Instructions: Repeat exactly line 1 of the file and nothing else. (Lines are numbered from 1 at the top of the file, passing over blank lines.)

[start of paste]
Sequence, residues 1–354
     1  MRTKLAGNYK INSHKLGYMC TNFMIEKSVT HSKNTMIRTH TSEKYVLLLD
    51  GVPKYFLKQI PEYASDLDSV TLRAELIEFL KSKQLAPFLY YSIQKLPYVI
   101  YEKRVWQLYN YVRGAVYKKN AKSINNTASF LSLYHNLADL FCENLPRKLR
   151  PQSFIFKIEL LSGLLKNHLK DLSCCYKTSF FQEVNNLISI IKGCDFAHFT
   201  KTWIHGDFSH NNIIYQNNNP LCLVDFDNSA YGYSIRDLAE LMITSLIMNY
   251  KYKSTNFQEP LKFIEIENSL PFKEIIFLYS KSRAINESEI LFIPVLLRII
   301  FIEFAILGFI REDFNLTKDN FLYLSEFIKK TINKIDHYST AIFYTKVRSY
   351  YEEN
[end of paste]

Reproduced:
Sequence, residues 1–354